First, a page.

Just read an article in the 8/3/00 edition of Newsday on the unusual topic of "soft shell lobsters" (akin to soft shell crabs). There is a lobster farm on Long Island that raises lobsters and, out of every 1000 lobsters, only 2 or 3 are caught at the exact proper time to be consumed as soft - shell lobsters. Apparently, if they aren't caught within 24 hours of losing their shell, a new shell will regrow and the lobster's new shell will be 30% tougher by then. The article said it is impossible to catch soft-shelled lobsters in the ocean...only on lobster farms.
I'm certainly not a lobster expert BUT I've seen soft-shell lobsters many times at lobster pounds in Maine. Does this mean they shed while the were being held in the lobster car? They are difficult to trap because they are very vulnerable until the shell hardens and they stay out of sight until that happens. But I don't know why anyone would buy them; the meat is pretty watery, in my experience. I've never heard of buying shedders on purpose, although sometimes you'll get one that is still pretty pliable. p.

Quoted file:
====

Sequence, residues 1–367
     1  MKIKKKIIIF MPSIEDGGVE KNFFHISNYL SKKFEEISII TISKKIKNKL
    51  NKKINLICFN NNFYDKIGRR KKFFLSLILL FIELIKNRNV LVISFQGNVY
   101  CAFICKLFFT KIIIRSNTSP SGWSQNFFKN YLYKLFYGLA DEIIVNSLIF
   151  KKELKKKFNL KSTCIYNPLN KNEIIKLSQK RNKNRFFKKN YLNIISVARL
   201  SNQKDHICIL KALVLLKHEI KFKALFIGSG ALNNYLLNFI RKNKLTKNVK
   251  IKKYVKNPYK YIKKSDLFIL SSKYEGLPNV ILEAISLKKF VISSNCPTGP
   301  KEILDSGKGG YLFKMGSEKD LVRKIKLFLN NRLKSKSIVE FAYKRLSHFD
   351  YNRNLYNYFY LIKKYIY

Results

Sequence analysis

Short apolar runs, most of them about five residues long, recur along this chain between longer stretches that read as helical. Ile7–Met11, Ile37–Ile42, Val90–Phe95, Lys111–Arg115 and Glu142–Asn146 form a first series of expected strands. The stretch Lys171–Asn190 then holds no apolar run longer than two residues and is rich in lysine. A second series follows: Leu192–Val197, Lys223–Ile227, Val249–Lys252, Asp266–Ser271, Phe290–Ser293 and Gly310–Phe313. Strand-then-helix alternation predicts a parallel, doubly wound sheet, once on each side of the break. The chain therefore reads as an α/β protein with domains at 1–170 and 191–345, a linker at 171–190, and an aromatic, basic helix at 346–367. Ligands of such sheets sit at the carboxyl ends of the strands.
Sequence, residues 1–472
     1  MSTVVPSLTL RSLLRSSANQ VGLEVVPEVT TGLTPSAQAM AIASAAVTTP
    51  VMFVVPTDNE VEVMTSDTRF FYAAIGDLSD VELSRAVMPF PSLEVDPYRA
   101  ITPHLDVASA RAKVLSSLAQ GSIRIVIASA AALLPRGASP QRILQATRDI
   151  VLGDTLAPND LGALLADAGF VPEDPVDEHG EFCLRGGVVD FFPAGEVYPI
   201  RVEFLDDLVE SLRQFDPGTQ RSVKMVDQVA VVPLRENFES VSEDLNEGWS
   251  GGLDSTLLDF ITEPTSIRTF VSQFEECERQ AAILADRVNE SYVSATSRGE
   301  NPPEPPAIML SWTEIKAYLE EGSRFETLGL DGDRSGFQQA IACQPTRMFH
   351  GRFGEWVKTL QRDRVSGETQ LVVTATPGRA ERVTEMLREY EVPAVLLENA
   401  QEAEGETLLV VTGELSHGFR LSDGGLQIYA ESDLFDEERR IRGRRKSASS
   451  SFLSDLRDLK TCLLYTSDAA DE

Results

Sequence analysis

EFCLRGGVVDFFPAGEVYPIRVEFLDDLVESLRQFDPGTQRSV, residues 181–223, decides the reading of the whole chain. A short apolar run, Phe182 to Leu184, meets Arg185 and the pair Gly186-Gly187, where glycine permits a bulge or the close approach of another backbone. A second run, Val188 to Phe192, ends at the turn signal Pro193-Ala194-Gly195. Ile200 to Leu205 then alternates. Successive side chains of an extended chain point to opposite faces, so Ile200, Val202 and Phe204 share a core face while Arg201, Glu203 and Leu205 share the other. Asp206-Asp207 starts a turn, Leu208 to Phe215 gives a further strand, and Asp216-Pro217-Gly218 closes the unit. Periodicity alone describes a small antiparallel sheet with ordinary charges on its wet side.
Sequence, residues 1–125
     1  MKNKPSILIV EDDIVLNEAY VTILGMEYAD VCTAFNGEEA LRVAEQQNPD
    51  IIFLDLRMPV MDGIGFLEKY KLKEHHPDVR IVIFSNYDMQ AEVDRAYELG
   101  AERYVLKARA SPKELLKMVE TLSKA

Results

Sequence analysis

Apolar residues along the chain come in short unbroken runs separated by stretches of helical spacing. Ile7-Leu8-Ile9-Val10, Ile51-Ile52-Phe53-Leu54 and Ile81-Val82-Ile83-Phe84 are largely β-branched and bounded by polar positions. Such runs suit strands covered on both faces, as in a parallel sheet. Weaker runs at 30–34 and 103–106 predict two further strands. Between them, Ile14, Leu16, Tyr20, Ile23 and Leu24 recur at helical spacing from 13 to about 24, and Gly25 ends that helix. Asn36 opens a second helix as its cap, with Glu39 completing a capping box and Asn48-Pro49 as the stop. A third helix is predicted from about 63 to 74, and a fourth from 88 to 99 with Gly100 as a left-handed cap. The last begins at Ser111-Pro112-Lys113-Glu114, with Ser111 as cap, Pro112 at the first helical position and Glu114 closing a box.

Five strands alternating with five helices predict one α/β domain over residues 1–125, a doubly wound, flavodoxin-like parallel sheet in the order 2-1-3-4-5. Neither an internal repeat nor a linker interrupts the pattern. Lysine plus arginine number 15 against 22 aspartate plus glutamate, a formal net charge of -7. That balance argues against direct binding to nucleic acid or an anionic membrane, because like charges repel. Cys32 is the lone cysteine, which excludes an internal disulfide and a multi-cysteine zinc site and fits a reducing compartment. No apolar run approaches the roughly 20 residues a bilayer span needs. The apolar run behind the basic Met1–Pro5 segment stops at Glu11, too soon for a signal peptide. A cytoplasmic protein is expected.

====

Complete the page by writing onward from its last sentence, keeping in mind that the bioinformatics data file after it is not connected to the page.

Unfortunately aquaculture has never been successful
with lobsters. They must always be dredged up
from the deep in traps. Sometimes a scuba diver
like me can grab dinner out of a cave under 30 or
40 feet of water but this is rare and unless the
lobster is over a pound and unless the diver
has a valid shellfishing license this is strictly
illegal. Lobsters are very "eco-sensitive" and
to date no one has figured out how to farm them.
BTW, I've heard that the Long Island lobster die-off
is being blamed on the West Nile Virus spraying
going on in New York. It's such a shame that so
many of our lobster fishermen lost their livelihood
because the LI lobster population has been decimated.
This is just part of a larger problem which is that
many sea creatures are being over-fished and supplies
are dwindling. Species at risk: swordfish, shark,
skate, cod, scallops, sea urchin and more.